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Basil I and Constantine (869–79)

Accession number BZS.1951.31.5.42 (formerly Fogg 42)
Diameter 28 mm
Field diameter 25 mm
Condition Right side of reverse has been repeatedly struck with a hammer.
Previous Editions

DO Seals 6, no. 51.8.


Half-length representation of Christ, lightly bearded, wearing a tunic and himation. He raises his right hand in blessing and holds in his left a book with a cover ornamented with four rows of pellets. He has a cross behind his head. Circular inscription. Border of dots.


Iηsus Xristos.


Two half-length figures: at left, Basil I, wearing a crown surmounted by a cross and a loros; at right, Constantine, beardless and more diminutive, wearing a crown surmounted by a cross and a chlamys. The two figures hold between them a labarum ornamented with a cross in center and streamers. Circular inscription. Border of dots.


Basilius et Constant(inus) aug(usti).


Iηsus Xristos.
Basilius et Constantinus augusti.

Jesus Christ.
Basil and Constantine, augusti.


On solidi dating from Basil’s joint reign with Constantine, the obverse depicts Christ seated on a lyre-backed throne, while on the reverse are Basil to left and Constantine to right, holding between them a patriarchal cross on long shaft.  Basil wears a loros, and Constantine a chlamys (DOC 3.2:2a1 [pl. 30]). In common with the coinage as well is the employment of "augusti," present on the class 2 solidus as well as class 2d follis (DOC 3.2:9d.1 [pl. 31]).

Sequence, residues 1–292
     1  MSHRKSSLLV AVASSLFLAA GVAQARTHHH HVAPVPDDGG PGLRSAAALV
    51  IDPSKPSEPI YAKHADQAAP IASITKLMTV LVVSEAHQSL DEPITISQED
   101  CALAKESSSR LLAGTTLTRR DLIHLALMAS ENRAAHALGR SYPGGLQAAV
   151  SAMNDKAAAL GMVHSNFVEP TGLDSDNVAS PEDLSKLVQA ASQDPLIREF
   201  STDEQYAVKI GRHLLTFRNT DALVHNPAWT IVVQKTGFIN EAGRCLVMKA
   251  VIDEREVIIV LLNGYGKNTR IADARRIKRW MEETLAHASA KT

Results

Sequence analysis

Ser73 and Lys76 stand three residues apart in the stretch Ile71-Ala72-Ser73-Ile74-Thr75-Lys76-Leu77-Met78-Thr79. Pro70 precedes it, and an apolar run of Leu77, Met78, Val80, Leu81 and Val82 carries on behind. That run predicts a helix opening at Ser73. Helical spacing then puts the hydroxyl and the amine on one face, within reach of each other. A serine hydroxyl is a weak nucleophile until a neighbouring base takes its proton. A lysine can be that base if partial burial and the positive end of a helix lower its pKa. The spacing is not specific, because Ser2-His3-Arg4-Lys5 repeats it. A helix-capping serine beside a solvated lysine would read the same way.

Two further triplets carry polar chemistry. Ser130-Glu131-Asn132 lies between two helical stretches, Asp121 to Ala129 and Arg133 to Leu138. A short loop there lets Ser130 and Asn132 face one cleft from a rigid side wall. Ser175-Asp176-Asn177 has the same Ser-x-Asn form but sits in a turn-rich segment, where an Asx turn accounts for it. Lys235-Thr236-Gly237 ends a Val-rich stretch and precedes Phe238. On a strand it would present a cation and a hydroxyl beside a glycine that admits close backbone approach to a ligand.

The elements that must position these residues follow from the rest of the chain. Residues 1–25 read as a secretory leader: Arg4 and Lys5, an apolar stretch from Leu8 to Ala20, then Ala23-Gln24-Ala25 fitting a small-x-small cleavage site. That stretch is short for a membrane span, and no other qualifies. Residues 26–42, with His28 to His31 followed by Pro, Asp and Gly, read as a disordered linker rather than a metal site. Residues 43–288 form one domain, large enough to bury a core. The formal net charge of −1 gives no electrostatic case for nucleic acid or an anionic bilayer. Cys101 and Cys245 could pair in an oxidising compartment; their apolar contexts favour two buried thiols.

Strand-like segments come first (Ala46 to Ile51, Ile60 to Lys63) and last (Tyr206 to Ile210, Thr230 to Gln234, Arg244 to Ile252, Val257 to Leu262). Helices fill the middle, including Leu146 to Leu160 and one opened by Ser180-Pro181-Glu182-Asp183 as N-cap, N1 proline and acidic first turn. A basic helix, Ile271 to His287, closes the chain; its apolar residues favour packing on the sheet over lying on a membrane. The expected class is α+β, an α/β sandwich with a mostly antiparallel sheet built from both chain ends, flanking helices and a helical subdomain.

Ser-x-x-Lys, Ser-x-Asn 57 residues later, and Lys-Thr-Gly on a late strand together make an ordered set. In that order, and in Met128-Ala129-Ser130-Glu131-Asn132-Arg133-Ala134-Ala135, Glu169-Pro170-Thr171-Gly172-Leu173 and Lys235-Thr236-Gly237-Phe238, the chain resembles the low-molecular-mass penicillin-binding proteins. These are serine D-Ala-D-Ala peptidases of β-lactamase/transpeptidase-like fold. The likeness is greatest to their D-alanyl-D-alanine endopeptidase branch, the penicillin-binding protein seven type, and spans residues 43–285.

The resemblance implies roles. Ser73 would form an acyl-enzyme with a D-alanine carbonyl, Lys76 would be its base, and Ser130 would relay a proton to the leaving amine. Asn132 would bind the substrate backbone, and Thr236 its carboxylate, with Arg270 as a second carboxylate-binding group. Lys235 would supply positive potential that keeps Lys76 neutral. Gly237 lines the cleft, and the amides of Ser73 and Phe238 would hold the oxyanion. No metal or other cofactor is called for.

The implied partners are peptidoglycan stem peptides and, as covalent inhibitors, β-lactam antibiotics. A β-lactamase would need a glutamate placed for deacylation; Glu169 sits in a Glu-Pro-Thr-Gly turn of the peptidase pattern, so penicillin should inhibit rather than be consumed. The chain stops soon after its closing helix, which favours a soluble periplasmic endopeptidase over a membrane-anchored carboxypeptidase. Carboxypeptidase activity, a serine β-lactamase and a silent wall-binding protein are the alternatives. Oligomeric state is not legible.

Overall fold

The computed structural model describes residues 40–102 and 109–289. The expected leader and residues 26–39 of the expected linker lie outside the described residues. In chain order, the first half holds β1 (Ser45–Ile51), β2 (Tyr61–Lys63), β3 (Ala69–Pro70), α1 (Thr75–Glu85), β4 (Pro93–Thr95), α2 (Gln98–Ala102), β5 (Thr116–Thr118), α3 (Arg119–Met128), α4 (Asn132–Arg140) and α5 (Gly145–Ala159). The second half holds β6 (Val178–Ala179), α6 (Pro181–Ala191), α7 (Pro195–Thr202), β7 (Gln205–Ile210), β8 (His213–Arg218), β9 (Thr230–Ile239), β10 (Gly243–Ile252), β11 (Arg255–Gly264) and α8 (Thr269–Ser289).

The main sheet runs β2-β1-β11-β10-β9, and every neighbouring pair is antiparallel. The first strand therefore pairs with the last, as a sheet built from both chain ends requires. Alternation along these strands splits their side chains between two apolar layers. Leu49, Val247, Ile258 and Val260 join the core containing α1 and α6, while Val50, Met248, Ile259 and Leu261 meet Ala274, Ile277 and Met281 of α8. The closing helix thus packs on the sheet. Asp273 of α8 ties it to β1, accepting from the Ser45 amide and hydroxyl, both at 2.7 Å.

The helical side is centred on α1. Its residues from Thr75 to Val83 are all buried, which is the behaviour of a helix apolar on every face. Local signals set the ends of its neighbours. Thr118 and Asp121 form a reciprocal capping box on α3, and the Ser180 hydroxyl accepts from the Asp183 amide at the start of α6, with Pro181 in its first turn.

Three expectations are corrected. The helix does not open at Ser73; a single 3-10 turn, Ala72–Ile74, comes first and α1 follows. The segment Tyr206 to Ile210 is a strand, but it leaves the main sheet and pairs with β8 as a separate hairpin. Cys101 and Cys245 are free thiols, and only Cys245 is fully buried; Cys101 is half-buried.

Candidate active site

Grierson explains the awkward relationship between the chronology of coinage and the depiction of Basil’s co-emperors in terms of the former's antipathy towards his middle son, Leo. Dating here follows that of the class 2 solidus, up to Constantine’s death in 879, rather than the class 2 follis, which includes Leo after his association with Basil in 870, and reflects the degree to which the design of imperial seals followed that of the solidus.

The labarum, decorated with a cross in center and streamers, is found on folles minted at Constantinople in the name of Basil I and Constantine and attributed by Grierson to the years 868–70 (see: DOC 3.2:8a.1–8a.4, and the table at BNC 2: p. 538).

The depiction of Contantine on this seal has been deliberately effaced with repeated hammer blows; the editor of DO Seals 6 suggests that this might possibly be a damnatio memoriae.

Note that Basil's name ends in US, in contrast to the usual OS.